Skip to main content
Search Results

Soil Association urges Government to encourage shift to healthier & more sustainable diets

15th May 2024 - 07:00
Soil Association Certification chief executive Dominic Robinson
The Soil Association Certification joined key food and farming businesses at the Farm to Fork Summit held at Number Ten Downing Street, which brought interested parties together to discuss the challenges the industry faces.

Farmers and food supply chains have had a difficult two years as they have dealt with the impacts of the Covid-19 pandemic, the war in Ukraine and cost-of-living crisis as well as climate change with record-breaking droughts and floods.  

Soil Association Certification chief executive Dominic Robinson represented organic and nature-friendly farmers at the summit and championed the vital role of wildlife and soils in delivering food security.  

He said: “Climate change and the loss of biodiversity are the biggest threats to food security and farmers are already seeing how catastrophic drought and flooding can be for their crops, land and animals. If we want to truly secure our food supply, we need more nature-friendly and organic farming that works in harmony with wildlife. It’s clear the status quo of intensive farming is not achieving food security.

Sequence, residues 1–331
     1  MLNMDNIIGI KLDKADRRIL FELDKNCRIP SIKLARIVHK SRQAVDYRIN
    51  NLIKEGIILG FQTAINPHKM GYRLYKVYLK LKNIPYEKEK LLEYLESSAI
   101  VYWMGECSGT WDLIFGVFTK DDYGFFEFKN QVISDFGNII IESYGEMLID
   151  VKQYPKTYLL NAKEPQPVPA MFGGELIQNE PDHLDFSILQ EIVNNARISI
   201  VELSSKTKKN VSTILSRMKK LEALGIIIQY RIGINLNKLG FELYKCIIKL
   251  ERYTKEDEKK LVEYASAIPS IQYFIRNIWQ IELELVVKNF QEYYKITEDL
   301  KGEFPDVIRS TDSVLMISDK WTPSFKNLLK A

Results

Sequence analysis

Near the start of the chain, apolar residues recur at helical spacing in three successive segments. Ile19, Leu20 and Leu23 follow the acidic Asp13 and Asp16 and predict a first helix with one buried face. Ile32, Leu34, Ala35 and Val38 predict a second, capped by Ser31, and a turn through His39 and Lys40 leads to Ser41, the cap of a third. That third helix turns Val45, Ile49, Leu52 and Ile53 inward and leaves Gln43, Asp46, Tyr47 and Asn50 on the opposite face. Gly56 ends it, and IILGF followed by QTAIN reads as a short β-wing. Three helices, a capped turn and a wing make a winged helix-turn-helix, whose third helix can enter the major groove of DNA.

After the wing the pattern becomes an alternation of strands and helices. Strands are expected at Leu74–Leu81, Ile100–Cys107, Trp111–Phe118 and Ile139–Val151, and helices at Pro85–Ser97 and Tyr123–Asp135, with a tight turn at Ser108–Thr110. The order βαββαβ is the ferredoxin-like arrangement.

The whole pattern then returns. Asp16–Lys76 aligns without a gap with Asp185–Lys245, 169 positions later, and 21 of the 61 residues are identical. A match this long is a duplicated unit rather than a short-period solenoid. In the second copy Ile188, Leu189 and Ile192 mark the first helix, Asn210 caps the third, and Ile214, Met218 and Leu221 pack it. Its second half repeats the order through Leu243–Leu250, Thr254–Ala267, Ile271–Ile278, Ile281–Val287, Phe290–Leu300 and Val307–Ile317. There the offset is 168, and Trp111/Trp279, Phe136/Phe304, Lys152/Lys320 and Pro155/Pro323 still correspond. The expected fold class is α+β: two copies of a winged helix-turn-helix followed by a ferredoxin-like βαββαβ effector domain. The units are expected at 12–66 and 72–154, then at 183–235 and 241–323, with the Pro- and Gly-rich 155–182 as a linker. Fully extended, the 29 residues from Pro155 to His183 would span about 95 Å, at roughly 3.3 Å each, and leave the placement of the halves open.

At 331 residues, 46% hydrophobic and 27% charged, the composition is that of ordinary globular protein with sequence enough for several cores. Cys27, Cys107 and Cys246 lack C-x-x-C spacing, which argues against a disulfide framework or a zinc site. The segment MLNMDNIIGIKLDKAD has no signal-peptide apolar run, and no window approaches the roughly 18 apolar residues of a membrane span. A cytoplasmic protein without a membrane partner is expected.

“Today we urged ministers to help more people to eat well with more, long-term support for farmers to shift to resilient practices that protect soils and don’t rely on harmful synthetic pesticides and fertilisers. By shifting to healthy and sustainable diets – with more fruit and veg and less meat produced to better standards – studies suggest that farming with organic principles can feed our population and slash farming emissions.  

“The Government’s push to back British farmers is welcome – they must now back British wildlife and healthy diets to deliver a sustainable, secure food system in the UK.” 

The Soil Association is calling for action on diets through schools and hospitals: 

  • The Government spends £2.4 billion every year buying food – for schools, hospitals, the Armed Forces, prisons, and Government offices. This must be diverted to put more British food, produced by nature-friendly and organic farmers, onto the public plate. 
  • The UK population isn’t eating enough fruit and vegetables: only 33% of adults and 12% of 11–18-year-olds are eating their 5-a-day. The cost-of-living crisis has reduced household purchases of vegetables to their lowest level in 50 years. 
  • This is having a devastating impact on public health – an estimated 31,000 premature deaths could be averted per year in the UK if everyone ate enough fruit and vegetables. 
  • Studies show that the Soil Association Food for Life Served Here scheme, which helps caterers to serve meals that are more sustainable, local and healthier, contributes a social return on investment of £4.41 for every £1 spent. Independent evaluation of Food for Life shows that if all schools in England followed this approach, a million more children would be eating their five-a-day.    
Written by
Edward Waddell